UEFI is a replacement for the older BIOS firmware interface. When the devices starts, the firmware interface controls the booting process of the PC, and then passes control to Windows or another operating system. UEFI enables security features such as Secure Boot and factory encrypted drives that help prevent untrusted code from running before the operating system is loaded. As of Windows 10, version 1703, Microsoft requires UEFI Specification version 2.3.1c. To learn more about the OEM requirements for UEFI, see UEFI firmware requirements.
OEMs: To learn more about what you need to do in order to support UEFI drivers, see UEFI in Windows.
Virtualization-based Security (VBS)
Hardware-based security features, also called virtualization-based security or VBS, provides isolation of secure kernel from normal operating system. Vulnerabilities and Zero-Day attacks in the operating system cannot be exploited because of this isolation.
OEMs: For more information about VBS hardware requirements, see Virtualization Based Security (VBS) hardware requirements.
Windows Defender Application Guard
Application Guard helps to isolate enterprise-defined untrusted sites, protecting an enterprise while its employees browse the Internet.
If you are selling devices to enterprise customers, you want to provide hardware that supports the security features that enterprises need.
OEMs: To learn more about hardware requirements for Windows Defender Application Guard, see Windows Defender Application Guard hardware requirements.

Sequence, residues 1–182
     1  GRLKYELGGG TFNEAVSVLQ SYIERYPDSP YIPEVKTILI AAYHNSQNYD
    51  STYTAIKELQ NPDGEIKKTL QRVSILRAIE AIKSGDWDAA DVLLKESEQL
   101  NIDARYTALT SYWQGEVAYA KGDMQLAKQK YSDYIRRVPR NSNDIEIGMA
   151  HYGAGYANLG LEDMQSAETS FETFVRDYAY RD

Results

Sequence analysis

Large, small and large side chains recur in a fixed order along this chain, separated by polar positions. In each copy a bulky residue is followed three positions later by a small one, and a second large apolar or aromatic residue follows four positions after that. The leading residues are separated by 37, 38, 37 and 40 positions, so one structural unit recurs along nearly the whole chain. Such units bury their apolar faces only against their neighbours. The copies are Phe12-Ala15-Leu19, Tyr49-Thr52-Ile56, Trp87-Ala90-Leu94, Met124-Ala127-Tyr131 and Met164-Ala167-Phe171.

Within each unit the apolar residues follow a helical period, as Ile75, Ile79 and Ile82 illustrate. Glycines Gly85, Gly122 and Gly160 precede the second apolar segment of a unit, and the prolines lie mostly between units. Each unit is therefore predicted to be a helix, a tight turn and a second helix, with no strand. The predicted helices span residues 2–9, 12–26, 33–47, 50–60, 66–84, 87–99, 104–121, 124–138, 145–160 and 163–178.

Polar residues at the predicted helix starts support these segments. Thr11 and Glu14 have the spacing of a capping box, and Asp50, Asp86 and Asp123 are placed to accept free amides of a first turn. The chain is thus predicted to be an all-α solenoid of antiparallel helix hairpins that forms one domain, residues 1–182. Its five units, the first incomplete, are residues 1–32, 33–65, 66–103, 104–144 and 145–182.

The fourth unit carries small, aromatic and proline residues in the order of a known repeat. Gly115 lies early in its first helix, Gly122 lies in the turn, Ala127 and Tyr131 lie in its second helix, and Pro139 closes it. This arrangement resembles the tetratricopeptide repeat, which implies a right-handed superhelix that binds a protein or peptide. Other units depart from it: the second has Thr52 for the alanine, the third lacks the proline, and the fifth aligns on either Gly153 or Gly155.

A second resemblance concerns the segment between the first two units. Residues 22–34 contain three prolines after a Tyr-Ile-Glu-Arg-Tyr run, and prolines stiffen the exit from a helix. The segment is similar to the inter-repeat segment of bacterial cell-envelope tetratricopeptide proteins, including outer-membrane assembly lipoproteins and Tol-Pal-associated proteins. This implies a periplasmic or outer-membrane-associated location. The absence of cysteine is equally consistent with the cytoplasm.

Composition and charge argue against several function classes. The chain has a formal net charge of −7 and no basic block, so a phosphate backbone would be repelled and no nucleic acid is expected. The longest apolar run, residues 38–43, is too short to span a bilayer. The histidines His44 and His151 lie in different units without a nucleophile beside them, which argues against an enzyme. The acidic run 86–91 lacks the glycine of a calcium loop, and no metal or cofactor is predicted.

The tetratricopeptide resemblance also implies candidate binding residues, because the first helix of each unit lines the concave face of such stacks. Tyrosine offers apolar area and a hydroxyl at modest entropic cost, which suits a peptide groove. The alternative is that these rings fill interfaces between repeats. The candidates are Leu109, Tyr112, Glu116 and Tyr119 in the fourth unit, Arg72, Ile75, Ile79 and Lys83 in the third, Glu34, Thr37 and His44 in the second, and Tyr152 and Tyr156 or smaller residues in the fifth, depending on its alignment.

Windows Defender Credential Guard
Credential Guard uses virtualization-based security to isolate and protect secrets (for example, NTLM password hashes and Kerberos ticket-granting tickets) to block pass-the-hash or pass-the-ticket attacks.
OEMs: To learn more about hardware requirements for Windows Defender Credential Guard, see Windows Defender Credential Guard hardware requirements.
IT Professionals: To learn how to configure and deploy Windows Defender Credential Guard in your enterprise, see Protect derived domain credentials with Windows Defender Credential Guard.
Windows Defender Device Guard
Windows Defender Device Guard is a combination of enterprise-related hardware and software security features that, when configured together, will lock a device down so that it can only run trusted applications that are defined in code integrity policies.
Starting in Windows 10, 1703, the Windows Defender Device Guard features have been grouped into two new features: Windows Defender Exploit Guard and Windows Defender Application control. When these are both enabled, Windows Defender Device Guard is enabled.
OEMs: For more information about Windows Defender Device Guard hardware requirements, see Windows Defender Device Guard hardware requirements.
IT Professionals: To learn how to deploy Windows Defender Device Guard in your enterprise, see Requirements and deployment planning guidelines for Device Guard.
Microsoft Windows Hello gives users a personal, secured experience where the device is authenticated based on their presence. Users can log in with a look or a touch, with no need for a password. In conjunction with Microsoft Passport, biometric authentication uses fingerprints or facial recognition and is more secure, more personal, and more convenient.
For information about how Windows Hello works with the Companion Device Framework, see Windows Hello and the Companion Device Framework.
For information on biometric requirements for supporting Windows Hello, see Windows Hello biometric requirements.
For information about how face authentication works, see Windows Hello face authentication.